Thursday, June 20, 2013

The Decisions People Like Me are Called Upon to Make

Honestly, you can't even imagine half of them.  Take this Wesselmann painting from several posts below ...

Now take this Damien Hirst dot painting.  Don't be confused by the visible background; concentrate instead on the relationship between the dots and the edge of the canvas ...

And this one (as per above instructions) ...
Me?  I like a little space so the forms can breath.  Which means I don't like the first Hirst painting nearly as much as the second (I say this as a way to make my point about the top painting.  I don't actually like either of these dot paintings, preferring by a wide margin the ones with two or three hundred dots rather than a dozen or so).

[Brief aside: To me, the whole idea of the dot paintings is their relationship to Jackson Pollock, not their relationship with simple geometry.]  

The point being, if it were me instead of Wesselmann, I would have added an inch or two of blue on the left side of the image so we could enjoy her chin without all that tension.

I am, however, in love with that blue/black Georgia O'Keefe background.  That seems like an act of brilliance to me.

Also worth noting is the general painterly idea that if you have some pleasing color on one side of the image -- in this case the blue of her eye-shadow -- you can make the whole painting feel more harmonious by throwing a bit of the same color on the other side.  Thus the streak of blue coming down the left edge.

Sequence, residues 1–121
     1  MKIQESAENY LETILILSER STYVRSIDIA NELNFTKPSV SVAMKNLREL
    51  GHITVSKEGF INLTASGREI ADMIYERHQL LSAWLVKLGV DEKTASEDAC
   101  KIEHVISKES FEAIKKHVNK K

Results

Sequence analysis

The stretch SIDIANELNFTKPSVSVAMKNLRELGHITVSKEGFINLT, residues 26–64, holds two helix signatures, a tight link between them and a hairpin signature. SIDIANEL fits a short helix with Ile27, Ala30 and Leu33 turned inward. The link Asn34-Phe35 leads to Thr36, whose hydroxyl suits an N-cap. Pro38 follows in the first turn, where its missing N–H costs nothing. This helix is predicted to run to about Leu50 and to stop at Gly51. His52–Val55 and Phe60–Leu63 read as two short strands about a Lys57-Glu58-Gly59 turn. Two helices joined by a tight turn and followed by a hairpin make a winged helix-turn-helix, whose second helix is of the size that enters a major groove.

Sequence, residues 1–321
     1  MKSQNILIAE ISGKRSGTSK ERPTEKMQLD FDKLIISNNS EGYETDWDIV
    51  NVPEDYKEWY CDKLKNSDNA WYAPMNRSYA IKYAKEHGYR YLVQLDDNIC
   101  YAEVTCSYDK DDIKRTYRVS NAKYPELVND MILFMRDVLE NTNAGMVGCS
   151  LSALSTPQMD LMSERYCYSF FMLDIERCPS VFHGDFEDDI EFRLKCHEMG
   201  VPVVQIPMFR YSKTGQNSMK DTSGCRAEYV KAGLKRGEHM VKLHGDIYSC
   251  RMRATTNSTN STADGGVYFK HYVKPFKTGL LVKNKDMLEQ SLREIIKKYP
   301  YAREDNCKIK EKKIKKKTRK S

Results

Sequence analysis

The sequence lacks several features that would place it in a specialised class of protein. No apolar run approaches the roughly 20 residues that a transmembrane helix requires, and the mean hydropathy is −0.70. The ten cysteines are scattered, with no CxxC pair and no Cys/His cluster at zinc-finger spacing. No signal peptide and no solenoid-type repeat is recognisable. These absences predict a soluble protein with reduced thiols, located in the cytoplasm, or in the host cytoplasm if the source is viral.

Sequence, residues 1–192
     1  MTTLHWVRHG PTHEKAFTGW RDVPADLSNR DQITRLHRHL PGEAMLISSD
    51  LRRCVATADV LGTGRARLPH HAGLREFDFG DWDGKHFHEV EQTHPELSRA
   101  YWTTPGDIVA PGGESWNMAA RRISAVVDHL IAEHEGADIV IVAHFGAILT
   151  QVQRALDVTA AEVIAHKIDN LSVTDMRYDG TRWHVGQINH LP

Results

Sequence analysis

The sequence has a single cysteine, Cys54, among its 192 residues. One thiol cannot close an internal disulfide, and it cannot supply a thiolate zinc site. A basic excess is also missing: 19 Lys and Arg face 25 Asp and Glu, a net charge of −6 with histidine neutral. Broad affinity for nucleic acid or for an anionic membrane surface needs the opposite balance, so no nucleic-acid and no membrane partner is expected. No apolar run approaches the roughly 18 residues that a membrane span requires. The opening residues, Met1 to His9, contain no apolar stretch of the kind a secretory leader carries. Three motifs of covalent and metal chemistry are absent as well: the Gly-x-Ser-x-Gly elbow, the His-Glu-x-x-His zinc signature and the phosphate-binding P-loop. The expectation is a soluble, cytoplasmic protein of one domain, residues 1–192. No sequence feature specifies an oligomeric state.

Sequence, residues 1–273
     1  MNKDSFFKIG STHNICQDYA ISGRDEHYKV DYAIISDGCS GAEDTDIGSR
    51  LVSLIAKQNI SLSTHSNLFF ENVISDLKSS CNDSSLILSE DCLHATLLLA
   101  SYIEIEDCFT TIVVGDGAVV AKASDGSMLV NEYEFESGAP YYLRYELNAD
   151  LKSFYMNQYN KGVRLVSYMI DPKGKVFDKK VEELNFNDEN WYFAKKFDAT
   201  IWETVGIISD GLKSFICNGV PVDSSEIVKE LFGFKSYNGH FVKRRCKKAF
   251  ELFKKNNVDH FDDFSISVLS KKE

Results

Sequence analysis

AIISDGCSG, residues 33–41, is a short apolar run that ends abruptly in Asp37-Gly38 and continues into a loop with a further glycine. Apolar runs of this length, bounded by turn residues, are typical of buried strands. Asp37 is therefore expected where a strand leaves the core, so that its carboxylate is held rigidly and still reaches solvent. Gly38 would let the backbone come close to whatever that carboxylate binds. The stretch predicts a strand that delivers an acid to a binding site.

I do it all the time.  Witness the blue next to Big Wayne's nostril, then in his opposite cheek, then along his jawline. Kind of pulls the whole thing together.  And just so you don't think I'm a pathetic hack, John Constable used to do the same thing all the time.  And he was really good.

All that said, what I really like about the Wesselmann painting is the barely noticeable wedge of dark green at the top left corner, between the blue and the black, and how that green is reflected on her forehead on the right side.  It's easier to see if you double-click.  Same idea as the blue, but stealthy.  Subversive might be another word.

This, of course, is just one man's opinion.

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